This is short but sweet; in a few episodes another chronicle of Narnia comes to life. This one sees the four siblings return to the enchanted land a year after they left. But Narnian time is different from human time and so centuries have passed.

The young prince Caspian is in trouble as his uncle plots to kill him and the magical talking animals and races like the dwarves have all been driven into hiding.

There is a lot of energy and childhood play about this series which is only slightly marred by the dated special effects. It was very enjoyable.

The Lion the Witch and the Wardrobe

March 5th, 2009

Oh dear, oh dear, Blue Monster still seems to think that Reviewing is some sort of black art but I am just trying to act as a filter so that people get to read the cream of the crop, as it were. I am very sad now; I suppose I’ve been a bit green thinking Blue actually liked my work.

I’m not sure if I shall continue but for this week here is another review – this time on a classic of children’s’ fantasy.

The Lion the Witch and the Wardrobe – the TV series – A Review

This magical journey into Narnia via a wardrobe by four evacuee children during the Second World War sends chills down your spine and makes you laugh and cry.

It has only slightly aged and made me feel all Christmassy.

The physical journey of the children is mirrored personal journey of development of Edmund, the youngest boy. as he is bewitched by an evil queen who has laid claim to Narnia for a 100 years or so, making it always winter and never Christmas.

He makes wrong and selfish decisions but redeems himself in the end.

It is a magical tale full of fantastic creatures who talk and sing and even sow their own clothes as Mrs Beaver does. She is the kindest, mummiest person you could hope to find and brings a lightheartedness to a desperate and scary flight that the children have to make. She holds them up trying to work out how to take the sewing machine on the run with them and packs the bread knife as an essential.

It’s great family viewing.


February 26th, 2009

Blue Monster seems have been offended by Yellow Monster which I find odd but never mind here is this weeks review. I do love horror films so I thought I’d start with:

Alien the Directors Cut – A film review

The Director, Ridley Scott, went back and cleaned up and ‘fixed’ a few things in this sci-fi classic. The version was released in 2003 and I don’t know whether it was what he’d done or the new swanky laptop we were watching it on but it’s the first time I could actually see the details of crashed ships and aliens lurking in the dark!

To me this was one of the more realistic sci-fi films – the space they travel through is lonely and sparsely populated. A few errors creep in like the time they take travelling from one place to another but the scenery gives it a gritty industrial feel with fantastic lighting effects leading to increased suspense worthy of the old black and white horror films.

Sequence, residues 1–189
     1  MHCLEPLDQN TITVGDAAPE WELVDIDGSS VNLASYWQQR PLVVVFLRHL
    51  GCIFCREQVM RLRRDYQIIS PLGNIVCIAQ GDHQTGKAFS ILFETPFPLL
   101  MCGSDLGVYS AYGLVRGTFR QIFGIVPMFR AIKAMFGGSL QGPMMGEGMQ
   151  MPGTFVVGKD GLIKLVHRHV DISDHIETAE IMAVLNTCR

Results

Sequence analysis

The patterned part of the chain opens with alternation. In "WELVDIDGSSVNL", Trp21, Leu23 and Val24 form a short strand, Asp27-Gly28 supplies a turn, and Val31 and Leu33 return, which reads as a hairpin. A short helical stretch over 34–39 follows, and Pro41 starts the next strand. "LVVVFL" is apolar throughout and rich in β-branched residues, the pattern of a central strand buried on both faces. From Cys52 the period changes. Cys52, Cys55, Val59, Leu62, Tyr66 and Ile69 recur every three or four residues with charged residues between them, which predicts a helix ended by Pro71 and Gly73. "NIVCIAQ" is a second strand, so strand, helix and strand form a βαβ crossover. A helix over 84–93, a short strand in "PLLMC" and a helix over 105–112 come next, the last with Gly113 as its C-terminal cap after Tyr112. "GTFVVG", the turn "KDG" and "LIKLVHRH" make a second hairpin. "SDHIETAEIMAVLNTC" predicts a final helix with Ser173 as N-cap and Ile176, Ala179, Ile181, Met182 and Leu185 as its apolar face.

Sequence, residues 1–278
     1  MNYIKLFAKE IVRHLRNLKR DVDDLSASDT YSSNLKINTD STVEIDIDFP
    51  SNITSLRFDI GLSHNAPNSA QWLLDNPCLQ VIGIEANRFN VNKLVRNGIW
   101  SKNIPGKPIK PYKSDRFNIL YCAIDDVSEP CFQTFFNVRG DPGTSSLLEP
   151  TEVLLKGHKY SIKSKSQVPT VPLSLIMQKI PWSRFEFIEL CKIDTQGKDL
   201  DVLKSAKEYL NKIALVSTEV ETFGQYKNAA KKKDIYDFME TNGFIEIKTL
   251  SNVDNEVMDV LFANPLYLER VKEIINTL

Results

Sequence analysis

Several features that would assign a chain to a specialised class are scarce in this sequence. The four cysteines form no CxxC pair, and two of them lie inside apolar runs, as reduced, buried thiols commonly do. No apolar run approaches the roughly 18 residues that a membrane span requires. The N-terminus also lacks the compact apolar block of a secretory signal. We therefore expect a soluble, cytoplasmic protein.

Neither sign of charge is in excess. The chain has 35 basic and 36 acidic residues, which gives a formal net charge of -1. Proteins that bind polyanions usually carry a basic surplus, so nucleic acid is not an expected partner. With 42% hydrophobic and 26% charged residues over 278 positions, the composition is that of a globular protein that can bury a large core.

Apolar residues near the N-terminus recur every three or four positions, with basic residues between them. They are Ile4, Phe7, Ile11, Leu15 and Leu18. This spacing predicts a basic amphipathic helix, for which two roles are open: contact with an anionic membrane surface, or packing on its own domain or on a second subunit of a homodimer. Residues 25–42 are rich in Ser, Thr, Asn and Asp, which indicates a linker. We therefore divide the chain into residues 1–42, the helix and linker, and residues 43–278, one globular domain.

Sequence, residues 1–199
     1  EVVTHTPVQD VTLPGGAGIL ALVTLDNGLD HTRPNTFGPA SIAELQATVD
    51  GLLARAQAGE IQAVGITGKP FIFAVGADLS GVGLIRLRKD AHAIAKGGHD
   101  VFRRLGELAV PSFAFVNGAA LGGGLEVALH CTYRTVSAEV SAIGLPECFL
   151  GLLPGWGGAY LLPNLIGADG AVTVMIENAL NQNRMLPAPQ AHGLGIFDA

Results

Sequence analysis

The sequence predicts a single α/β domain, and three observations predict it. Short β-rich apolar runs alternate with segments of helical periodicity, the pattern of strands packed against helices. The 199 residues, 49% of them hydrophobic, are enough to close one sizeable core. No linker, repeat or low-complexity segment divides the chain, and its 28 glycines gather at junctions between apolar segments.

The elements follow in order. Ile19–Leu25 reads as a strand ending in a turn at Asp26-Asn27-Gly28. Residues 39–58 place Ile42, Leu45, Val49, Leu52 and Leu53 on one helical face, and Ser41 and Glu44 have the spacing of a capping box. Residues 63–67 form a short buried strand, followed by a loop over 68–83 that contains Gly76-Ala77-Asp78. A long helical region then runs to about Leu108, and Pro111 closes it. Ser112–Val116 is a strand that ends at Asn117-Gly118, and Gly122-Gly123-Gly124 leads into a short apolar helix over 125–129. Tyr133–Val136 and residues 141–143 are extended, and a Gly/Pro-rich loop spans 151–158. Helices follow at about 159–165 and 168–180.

Now I had the original on tape so knew it too well to jump at the right moments but still found my heart pounding.

It’s a good watch – personally I would have liked to do a film marathon involving all the alien and predator films – I am still very impressed with how they made the two different sci-fi sequences merge into one big overall story.

Equal Rites

February 19th, 2009

Ok guys here we go!

One of my favourite authors is Terry Pratchett and this week’s review is on one of his Discworld novels. There will probably be a lot of these appearing; they are generally classed as satirical fantasy, though some argue for science fiction fantasy.

Equal Rites A Discworld novel by Terry Pratchett Funny, witty and the first appearance of the insurmountable Granny Weatherwax. This is a discworld novel that gives you a taste of magik from all sides and gives valuable insight as to how things actually happen in a world so precariously on the edge.

Esk who is a girl wizard or a sort of witch or, erm… Well, you see, on the Disc women are not wizards, they are witches and the magik is different; but by inheritance Esk is a wizard, and trained as a witch, and the magiks are fighting or feeding off of each other…. and, well, it all starts to get a bit messy.

Of, course there are male witches but no one ever talks about them…

The result is a rampage through the inherent biases of society and their inevitable undoing along with the fabric of the multiverse but, as with all things, it all settles down and is sort off ushered into the background or High Energy Lab and ignored by most sentient species.

I liked it lots :)